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Vaneesa ClineInflation and supply chain issues are putting affordability matters at the forefront for Canadians. People worry about the cost of childcare and entering the housing market. People planning for retirement or already in retirement worry if they have enough to live the lifestyle they hoped.

The Bank of Canada has warned that the low rates that helped buyers afford more are over. Homebuyers with low variable interest rates will see an upward trend in borrowing costs and increased payments. Canadians with stretched budgets may feel house poor or forced to sell because of high interest, inflation, and maintenance costs.

Findings from the 2022 FP Canada Financial Stress Index were released earlier this month. “More than 78 percent of respondents say they have regrets of some sort and feel they could have made better decisions about their personal finances in the past. “

“Turning back the clock on financial decisions, if Canadians could go back in time and do things differently, 20 percent would invest more, earlier, wiser; 19 percent save more and start saving earlier; 13 percent to spend less,” according to the report.

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To help take the pressure off, we often see the Bank of Dad come to the rescue. It’s a worrisome trend because most families don’t have a plan. Helping adult children comes at a risk of not having enough to retire and working longer. Parents must put their financial future first, and they need to have a plan that helps show they will not run out of money in their retirement years.

Such a plan helps prevent stress. Mom and dad will not have to worry about becoming a financial burden, possibly on those same kids. Children in dual-income families have decades to earn wages and build a career of increasing wages and paying off debt.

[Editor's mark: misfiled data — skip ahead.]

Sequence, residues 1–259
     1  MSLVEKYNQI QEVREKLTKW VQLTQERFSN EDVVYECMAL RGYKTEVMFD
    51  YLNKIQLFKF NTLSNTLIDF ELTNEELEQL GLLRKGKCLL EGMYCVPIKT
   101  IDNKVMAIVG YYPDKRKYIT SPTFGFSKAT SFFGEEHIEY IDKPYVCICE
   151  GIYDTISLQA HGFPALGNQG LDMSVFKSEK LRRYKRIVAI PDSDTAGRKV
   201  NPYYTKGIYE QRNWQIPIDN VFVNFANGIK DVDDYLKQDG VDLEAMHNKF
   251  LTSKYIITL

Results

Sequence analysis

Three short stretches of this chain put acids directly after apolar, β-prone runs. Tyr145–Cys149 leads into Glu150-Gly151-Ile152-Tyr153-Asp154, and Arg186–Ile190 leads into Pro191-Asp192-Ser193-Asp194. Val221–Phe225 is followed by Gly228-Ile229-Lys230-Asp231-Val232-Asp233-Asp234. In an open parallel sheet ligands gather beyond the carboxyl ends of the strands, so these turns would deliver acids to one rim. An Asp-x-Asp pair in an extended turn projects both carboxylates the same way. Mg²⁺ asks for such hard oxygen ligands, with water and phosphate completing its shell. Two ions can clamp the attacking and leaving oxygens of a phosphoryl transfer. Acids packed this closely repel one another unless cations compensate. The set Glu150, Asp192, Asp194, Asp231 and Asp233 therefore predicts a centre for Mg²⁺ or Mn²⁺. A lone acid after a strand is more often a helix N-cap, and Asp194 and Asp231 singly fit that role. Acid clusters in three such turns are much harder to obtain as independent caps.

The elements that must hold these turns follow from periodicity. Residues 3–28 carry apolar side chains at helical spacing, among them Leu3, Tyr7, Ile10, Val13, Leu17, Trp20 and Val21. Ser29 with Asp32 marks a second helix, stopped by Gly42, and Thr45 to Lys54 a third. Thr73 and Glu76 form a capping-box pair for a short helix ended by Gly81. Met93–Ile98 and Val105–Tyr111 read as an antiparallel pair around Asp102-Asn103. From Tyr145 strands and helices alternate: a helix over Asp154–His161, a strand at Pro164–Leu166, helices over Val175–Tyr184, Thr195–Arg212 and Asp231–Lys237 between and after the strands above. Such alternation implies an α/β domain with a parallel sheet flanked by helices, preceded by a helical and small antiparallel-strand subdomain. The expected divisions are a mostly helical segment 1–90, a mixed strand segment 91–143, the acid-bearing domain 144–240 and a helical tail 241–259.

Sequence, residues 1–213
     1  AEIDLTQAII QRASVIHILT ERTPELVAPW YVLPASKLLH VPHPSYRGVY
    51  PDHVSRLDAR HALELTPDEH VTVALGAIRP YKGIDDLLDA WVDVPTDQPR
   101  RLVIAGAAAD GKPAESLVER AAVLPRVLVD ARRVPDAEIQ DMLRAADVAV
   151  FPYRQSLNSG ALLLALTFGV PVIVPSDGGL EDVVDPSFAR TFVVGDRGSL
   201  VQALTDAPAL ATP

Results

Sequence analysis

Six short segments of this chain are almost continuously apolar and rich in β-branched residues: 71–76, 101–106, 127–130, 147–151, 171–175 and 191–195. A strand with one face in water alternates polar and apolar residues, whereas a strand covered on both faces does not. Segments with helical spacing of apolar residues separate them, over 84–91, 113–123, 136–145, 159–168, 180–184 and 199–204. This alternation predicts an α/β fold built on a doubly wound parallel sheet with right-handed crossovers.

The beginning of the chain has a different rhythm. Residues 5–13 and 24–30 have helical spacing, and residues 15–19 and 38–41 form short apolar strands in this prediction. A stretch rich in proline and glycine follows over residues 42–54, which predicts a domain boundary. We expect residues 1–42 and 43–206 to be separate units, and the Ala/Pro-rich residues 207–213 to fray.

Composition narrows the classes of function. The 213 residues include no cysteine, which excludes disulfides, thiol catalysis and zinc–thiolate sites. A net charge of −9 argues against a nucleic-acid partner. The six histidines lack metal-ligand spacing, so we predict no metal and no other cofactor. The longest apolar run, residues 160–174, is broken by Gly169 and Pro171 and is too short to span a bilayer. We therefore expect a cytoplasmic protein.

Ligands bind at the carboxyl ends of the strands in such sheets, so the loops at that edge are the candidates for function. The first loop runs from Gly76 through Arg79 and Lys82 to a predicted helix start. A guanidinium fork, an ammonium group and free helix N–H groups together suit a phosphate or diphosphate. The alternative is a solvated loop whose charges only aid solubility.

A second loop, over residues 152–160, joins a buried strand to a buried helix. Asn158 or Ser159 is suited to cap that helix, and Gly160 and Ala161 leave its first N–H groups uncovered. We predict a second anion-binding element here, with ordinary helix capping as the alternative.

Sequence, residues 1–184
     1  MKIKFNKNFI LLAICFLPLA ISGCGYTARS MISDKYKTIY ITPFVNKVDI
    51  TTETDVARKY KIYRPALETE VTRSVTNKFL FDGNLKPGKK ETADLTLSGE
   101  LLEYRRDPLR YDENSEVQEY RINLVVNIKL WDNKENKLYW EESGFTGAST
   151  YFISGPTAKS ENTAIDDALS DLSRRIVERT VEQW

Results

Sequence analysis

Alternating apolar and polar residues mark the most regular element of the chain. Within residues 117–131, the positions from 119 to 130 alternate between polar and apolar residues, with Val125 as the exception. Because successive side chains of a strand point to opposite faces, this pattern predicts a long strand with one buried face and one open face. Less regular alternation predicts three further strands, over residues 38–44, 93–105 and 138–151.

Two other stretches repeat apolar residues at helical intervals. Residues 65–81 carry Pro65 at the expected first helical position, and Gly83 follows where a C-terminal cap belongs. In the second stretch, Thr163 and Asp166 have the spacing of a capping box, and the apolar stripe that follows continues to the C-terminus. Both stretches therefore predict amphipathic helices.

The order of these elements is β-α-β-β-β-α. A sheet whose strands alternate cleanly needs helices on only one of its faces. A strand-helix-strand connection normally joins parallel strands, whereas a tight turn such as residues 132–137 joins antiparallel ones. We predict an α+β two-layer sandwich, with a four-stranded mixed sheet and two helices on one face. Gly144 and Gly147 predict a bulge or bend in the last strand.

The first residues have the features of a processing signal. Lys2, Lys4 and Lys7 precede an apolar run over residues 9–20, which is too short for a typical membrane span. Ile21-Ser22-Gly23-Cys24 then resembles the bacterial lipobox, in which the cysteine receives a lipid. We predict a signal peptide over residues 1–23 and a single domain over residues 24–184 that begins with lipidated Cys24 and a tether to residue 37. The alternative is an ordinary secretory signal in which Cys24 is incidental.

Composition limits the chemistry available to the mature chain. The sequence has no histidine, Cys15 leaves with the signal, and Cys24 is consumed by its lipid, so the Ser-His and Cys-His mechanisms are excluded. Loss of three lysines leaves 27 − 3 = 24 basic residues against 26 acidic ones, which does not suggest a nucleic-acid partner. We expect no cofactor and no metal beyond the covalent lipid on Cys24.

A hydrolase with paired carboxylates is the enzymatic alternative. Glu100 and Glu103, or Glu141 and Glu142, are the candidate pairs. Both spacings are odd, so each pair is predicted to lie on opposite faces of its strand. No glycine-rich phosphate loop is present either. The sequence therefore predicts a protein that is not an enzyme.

Of course, the Bank of Dad (and Mom!) wants to help, but they also need to protect their retirement and money. They do not want to have to worry about not having enough to enjoy their envisioned retirement.

Try not to borrow from the Bank of Dad, but if you do, have a plan that helps you today while not harming their retirement.

Consider delaying your home purchase to allow you to make a larger upfront payment and shorten the amortization, saving you thousands on borrowing costs.

Buy a smaller home or think about joint ownership: instead of your forever home, think about the return on capital your parents would have enjoyed had they kept the money for their retirement or as a joint owner.

Again, stretch out your mortgage amortization to help keep payments more manageable.

These are only a few of the strategies families can consider. The important thing to look at is your overall cash flow: do you need to have that something now, or can you save and wait before making the purchase.

But if you do borrow from the Bank of Dad, make sure you clearly understand expectations. A little effort up front, asking the right questions, and having an exit plan for you and your parents can make a difference. It helps everyone get on the same page, know what’s expected, and helps to avoid surprises or stress.

Vaneesa Cline is a Financial Advisor who has worked in the financial services sector since 2004. She has a Bachelor of Communications Studies from the University of Calgary, holds the Professional Financial Advisor (PFA) and Certified Health Insurance Specialist (CHS) designations and has her own practice.

Vaneesa is a Troy Media contributor. For interview requests, click here.

The opinions expressed by our columnists and contributors are theirs alone and do not inherently or expressly reflect the views of our publication.

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